Particularly during late August or most of September in Kansas, certain flower seed heads should be left alone after the blooms have been spent to allow birds to feed on the seeds. This practice particularly benefits American goldfinches that love the seeds of bee balm, Purple coneflowers, and all varieties of sunflowers. It’s often tempting to cut off the seedpods to make the flower garden look neat but it deprives these birds of a vital food source. When I watch them pecking seeds from my helianthus, they will often complete their meal by selecting one yellow flower petal that they gulp down almost as quickly as the seeds. The slender stems of bee balm are still sturdy enough to support Gold finches standing on the seed head while they extract the seeds one at a time. Many seeds often remain behind even after purple coneflower seed heads have turned dark brown or black. Usually Gold finches will be seen in groups dining on the seeds of all these flowers whose seeds become available in September when the birds are moving through the area. Gold finches may be permanent residents in other parts of Kansas but where I live in northeast Kansas, they are just pausing for a few weeks on their way further south. If you have bee balm, purple coneflowers and sunflowers in your yard, expect to see many visits from the American goldfinch this fall. – Ted Beringer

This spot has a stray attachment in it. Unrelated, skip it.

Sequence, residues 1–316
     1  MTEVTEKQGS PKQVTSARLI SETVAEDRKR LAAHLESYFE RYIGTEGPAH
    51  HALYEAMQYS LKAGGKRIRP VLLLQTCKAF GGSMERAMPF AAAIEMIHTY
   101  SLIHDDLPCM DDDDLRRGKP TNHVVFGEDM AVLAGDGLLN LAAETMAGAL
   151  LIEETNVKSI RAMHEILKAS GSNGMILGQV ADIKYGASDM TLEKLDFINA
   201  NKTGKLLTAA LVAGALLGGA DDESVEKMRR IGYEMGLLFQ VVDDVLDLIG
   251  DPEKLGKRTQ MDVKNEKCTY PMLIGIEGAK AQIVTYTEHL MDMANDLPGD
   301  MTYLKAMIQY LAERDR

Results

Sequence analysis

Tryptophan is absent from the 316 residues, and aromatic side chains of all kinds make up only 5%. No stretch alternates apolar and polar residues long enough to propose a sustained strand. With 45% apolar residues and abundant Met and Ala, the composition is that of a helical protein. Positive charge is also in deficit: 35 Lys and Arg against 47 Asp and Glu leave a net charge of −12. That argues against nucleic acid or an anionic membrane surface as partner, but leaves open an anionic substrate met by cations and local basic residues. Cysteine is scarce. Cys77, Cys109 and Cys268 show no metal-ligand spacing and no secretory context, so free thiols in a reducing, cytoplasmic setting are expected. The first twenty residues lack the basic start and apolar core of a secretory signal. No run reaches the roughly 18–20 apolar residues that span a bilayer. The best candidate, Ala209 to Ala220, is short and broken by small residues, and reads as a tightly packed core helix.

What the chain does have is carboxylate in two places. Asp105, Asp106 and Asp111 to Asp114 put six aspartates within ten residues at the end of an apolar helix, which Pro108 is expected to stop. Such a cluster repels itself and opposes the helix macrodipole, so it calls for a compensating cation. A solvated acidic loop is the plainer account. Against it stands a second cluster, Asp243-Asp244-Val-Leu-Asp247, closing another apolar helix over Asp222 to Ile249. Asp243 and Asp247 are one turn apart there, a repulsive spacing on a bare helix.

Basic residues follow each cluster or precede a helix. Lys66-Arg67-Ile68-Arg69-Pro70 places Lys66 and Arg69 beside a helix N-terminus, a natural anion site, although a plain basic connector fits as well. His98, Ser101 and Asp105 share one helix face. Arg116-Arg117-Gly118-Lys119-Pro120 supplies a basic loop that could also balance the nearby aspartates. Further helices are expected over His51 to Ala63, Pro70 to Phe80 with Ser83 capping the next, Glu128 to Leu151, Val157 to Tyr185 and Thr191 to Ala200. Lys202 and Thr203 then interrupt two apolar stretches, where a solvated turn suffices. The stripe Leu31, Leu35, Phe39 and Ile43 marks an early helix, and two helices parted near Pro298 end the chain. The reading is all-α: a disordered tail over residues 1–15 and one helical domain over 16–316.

2014 Kansas upland bird hunting forecast now available

2014 Upland bird forecast shows improvements in pheasant, quail, prairie-chicken populations

2014 Upland bird forecast shows improvements in pheasant, quail, prairie-chicken populations

A copy of the 2014 Kansas Upland Bird Forecast is now available and from the looks of things, upland bird hunters will see improved populations this fall. Although below-average harvests are expected this year, hunters should see more birds and have more opportunities than the 2013 season. To view the entire forecast, visit and click “Hunting,” then “Upland Birds.”